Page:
In an effort to keep things simple for people who are nervous about retirement – whether they are 42 or 62 – conventional planning strategies focus on how to save and invest money.
If you save X amount and invest wisely you will live happily for N years. That is how retirement misconceptions begin.
Saving is good, but hard. Smart investing is good – and also quite difficult if the appropriate strategy is not deployed.
Hoping for the best as you draw down that savings to meet your budget in retirement – while absorbing the ups and downs of the stock market, inflation, medical and caregiver expenses – virtually ensures that you will remain nervous about your financial health up to and through retirement.
The problems with conventional wisdom
Misconception No. 1: 401(k)/IRA plans offer retirement income. Vehicles such as 401(k) plans and IRAs are good ways to save because you can build tax-deferred savings. And if you simply follow the mandated Required Minimum Distributions you will have a retirement drawdown strategy.
The problem: While you are required to take distributions out of these plans starting at age 70½ – whether or not you need the money – it is not a retirement income strategy in the true sense of income. P.S. You can’t avoid paying taxes, but you can minimize them, as I explain here.
Misconception No. 2: Retirement calculators are accurate. When you research a plan for retirement, you will find many versions of devices called retirement calculators. It’s OK to fill in the blanks and let them provide a number.
The problem: Calculators might give you a rough idea of how much money you must accumulate, but they won’t address your personal situation or help you plan for guaranteed, lifetime income.
Misconception No. 3: Set your asset allocation and forget about it. Most investment advice will tell you to make sure the money in your 401(k) or IRA is diversified. Your savings shouldn’t be invested in just one type of asset class, like growth stocks, for example.
The problem: What the advice doesn’t say is this: When you are about to retire you need to reconsider your pre-retirement asset allocation and add other choices to the mix. The plan you developed when you were 35 won’t work at 65.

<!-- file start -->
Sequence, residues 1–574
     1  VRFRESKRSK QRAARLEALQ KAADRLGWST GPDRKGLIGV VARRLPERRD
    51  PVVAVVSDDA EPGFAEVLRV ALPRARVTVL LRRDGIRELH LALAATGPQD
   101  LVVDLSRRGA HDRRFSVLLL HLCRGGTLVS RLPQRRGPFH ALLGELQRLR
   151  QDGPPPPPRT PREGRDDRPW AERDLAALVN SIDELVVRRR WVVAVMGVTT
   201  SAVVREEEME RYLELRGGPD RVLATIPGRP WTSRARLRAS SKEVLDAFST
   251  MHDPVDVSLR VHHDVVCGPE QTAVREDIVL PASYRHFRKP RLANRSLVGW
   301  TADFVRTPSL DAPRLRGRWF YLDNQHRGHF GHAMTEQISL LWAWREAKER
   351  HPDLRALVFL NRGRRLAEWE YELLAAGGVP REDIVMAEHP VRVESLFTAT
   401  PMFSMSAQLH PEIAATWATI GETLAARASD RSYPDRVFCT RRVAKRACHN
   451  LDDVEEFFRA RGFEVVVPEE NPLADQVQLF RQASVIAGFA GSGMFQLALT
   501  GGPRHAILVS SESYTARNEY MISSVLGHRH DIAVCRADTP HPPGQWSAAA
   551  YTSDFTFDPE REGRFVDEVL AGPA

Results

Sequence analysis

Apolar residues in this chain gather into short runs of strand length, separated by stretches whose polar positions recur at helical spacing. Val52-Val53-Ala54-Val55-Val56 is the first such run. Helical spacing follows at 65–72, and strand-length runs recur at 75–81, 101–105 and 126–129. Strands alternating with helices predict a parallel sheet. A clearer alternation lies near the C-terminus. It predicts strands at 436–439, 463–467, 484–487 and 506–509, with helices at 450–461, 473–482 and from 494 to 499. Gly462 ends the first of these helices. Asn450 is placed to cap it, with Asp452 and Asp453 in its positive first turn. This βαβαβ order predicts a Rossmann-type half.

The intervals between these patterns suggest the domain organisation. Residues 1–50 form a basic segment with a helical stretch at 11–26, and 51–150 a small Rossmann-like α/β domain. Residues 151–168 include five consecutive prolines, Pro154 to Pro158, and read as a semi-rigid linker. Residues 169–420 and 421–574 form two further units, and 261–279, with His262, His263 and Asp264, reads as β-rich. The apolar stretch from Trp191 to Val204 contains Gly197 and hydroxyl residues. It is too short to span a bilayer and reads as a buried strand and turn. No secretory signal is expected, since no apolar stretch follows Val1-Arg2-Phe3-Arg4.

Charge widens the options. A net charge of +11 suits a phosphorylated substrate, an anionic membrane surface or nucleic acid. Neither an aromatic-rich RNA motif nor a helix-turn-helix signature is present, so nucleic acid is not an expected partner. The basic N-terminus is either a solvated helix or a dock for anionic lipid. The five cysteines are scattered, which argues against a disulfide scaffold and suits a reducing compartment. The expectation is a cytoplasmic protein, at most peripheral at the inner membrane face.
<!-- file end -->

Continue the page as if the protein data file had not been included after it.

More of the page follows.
Misconception No. 4: All annuities are bad.That is what you will hear in a drumbeat of advertising and social media from advisors who have built businesses out of selling based on the stock market and other returns.
The problem: The headlines do not distinguish between different types of annuities. An income annuity, for example, is the only product that provides guaranteed lifetime income, similar to Social Security or a pension. If you decide an income annuity should be part – never 100% — of your portfolio, the question becomes how much of your retirement income do you want it to provide?
Misconception No. 5: All reverse mortgage strategies are bad. As with annuities, an industry has grown to convince you never to utilize a reverse mortgage.
The problem: Again, retirees should consider whether this option might provide benefits as one part of a diversified retirement strategy. In moderation, and properly managed, a reverse mortgage provides peace of mind in the form of tax-free cash flow and long-term liquidity for a retirement plan.
Misconception No. 6: Financial advisors consider all options. Your financial advisor has discussed asset allocation with you. How much of your money should be invested in stocks, bonds, mutual funds, ETFs, cash?
The problem: Advisors don’t talk enough about product allocation. What do you do specifically with your major sources of savings – rollover IRA/401(k), personal savings, deferred annuities and equity in your house – to create retirement income? Each has its own tax and other considerations. Deciding how to use them most efficiently in your retirement income plan may be the greatest contributor to retirement income success.
Saving money is a simple but important concept. As you approach retirement, it is just as important to determine how much income your savings can provide. When you concentrate on the income power your savings have, your decisions will become easier.
This article originally appeared here.